Culture in the Vail Valley

Edwards First Restauranteur

Singletree had just opened. There weren’t really homes in Homestead just yet. There was no Arrowhead, no Cordillera, no Eagle Springs,” Irons remembers. There was just something about the vacant, circa 1940s service station that spoke to Irons, her former husband and their friends, Katie and Bucko Clark. The two couples began renovating the restaurant in 1982, painting the powder blue walls and adding the bathrooms.

When the restaurant first opened in, 1983, The Gashouse simply served sandwiches, red pork chili and soup out of a small shack-style kitchen. The chili is still on the menu! In ’83, making a call from Avon to Edwards was considered to be long distance, so the restaurant paid $100 a month for a local number just “so people in Vail and Beaver Creek could call to ask ‘are you open?’” Irons says.

The Clarks sold out their share of the restaurant and moved to Cocoa Beach in 1985 to open a brew pub; Irons just kept on building. And as Edwards grew, so did The Gashouse.


And, then, as Homestead and Singletree grew, so did the restaurant’s menu. “We added steaks and hamburgers,” says Irons, who moved to Vail in 1978 for a single ski season and “stayed for happily ever after.”

In 1985, a back room and patio were added and as Arrowhead grew, a new kitchen was built, as well.

Somewhere around the late ’80s fresh seafood showed up on the menu. At first, crab cakes- Irons’ grandmother’s special recipe were only offered on the weekend but then people began calling and asking Irons to “save them some” be- cause they couldn’t make it in on Friday or Satur- day night. The cakes, too, are now a mainstay.

“I lived on the eastern shore of Maryland in college, and we’d go down to the docks and buy shrimp and crab and fresh fish,” Irons, fondly recalls. “It’s really easy, simple food but so good and light and healthy. I wanted to serve really fresh fish. We got to be good friends with the purveyors and received fresh fish every other day. When things came in fresh and with good prices, we’d buy. And that’s still how we pick things to this day. People know we have discriminating taste.”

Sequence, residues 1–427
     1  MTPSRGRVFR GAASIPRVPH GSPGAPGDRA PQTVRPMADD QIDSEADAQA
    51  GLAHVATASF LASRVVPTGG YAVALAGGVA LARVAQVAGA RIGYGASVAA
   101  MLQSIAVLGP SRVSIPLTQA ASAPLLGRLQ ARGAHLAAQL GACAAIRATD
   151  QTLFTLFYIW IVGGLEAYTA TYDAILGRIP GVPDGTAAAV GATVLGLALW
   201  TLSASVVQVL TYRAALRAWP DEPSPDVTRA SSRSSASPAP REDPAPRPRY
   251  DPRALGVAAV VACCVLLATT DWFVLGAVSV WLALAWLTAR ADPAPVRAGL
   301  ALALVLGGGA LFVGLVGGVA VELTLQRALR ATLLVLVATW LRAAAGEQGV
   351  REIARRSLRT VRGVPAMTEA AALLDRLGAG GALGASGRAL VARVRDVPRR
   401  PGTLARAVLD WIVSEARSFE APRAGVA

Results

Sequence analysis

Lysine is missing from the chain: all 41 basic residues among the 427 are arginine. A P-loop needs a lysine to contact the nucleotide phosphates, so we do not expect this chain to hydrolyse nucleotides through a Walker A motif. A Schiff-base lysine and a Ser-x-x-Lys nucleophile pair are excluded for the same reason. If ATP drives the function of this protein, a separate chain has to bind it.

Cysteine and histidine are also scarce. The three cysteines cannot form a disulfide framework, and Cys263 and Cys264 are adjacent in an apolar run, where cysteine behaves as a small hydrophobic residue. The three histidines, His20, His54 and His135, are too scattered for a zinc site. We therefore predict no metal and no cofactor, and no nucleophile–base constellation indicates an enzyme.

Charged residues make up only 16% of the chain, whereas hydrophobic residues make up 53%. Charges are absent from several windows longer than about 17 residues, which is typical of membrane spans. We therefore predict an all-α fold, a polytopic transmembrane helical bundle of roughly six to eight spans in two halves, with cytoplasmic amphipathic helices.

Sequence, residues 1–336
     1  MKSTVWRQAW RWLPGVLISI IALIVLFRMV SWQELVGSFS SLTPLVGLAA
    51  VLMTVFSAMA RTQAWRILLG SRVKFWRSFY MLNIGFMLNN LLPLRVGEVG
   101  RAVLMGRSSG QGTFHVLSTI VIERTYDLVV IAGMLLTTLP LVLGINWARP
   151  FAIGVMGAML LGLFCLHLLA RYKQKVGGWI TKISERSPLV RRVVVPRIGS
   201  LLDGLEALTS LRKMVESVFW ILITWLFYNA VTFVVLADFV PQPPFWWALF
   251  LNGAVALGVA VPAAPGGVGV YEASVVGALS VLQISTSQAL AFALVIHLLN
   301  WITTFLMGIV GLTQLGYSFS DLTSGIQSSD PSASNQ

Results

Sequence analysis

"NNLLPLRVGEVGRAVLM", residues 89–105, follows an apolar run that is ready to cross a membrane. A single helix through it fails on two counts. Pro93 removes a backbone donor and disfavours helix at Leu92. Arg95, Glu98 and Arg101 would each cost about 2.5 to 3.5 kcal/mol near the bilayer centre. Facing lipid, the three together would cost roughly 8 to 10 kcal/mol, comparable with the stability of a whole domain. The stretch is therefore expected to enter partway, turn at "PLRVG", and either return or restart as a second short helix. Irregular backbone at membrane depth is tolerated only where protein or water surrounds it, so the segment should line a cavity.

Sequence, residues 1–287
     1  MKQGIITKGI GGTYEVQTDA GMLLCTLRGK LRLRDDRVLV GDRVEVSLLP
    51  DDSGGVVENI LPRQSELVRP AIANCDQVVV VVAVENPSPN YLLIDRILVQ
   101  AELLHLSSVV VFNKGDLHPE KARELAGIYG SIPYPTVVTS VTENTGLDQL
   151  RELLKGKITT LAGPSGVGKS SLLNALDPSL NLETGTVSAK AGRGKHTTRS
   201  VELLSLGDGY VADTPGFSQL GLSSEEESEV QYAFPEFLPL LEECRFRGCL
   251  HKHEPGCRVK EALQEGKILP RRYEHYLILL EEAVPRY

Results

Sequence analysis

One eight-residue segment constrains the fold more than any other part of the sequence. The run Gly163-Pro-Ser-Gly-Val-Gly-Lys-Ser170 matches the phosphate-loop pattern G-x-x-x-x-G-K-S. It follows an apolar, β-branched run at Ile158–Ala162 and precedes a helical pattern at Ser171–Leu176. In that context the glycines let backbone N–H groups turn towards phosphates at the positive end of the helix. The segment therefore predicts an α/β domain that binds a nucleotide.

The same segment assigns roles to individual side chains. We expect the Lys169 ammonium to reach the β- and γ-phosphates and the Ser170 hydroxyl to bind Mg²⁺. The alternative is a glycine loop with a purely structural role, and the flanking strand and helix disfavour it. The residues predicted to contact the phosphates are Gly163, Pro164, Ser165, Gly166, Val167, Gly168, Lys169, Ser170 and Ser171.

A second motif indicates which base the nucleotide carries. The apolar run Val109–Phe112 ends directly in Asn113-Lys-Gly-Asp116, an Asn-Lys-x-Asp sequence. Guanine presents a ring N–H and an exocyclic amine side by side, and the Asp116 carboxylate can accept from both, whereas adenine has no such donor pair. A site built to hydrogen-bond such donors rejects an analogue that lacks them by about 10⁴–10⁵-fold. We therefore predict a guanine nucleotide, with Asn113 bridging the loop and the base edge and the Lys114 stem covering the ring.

Along with steak and fresh seafood, including fresh oysters and fish specials that rotate nightly, the restaurant serves an eclectic variety of wild game buffalo, venison, elk, quail, duck and game sausage. People would point at the animal mounts on the wall—there are around 140—and ask why they didn’t serve game on the menu, says Andy Guy, the restaurant’s general manager who started adding game options to the menu after receiving so many requests.

“There are surprisingly few restaurants in town that serve elk, buffalo and venison and lots of customers wanted to try it,” he says. “Many nights we sell more buffalo and elk than beef. It’s what people want when they’re here on vacation.”

As the menu has evolved over the years, so has the restaurant’s décor, though the “grandpa’s hunting lodge” feel is still very much present. The most recent addition—a shotgun wreath—joins the eclectic collection of old skis, license plates (some even from a famous NASCAR driver), the aforementioned animal mounts and more hanging on the walls of the historical establishment.

“Some of the animal heads are from people who had them in their houses and said ‘I’ll trade you for credit for food,’” Irons says. “The mountain lion, someone had tracked it for six days and shot it with a bow and arrow. The marlin came from a gentleman who caught it whose wife said, ‘Not in my house.’”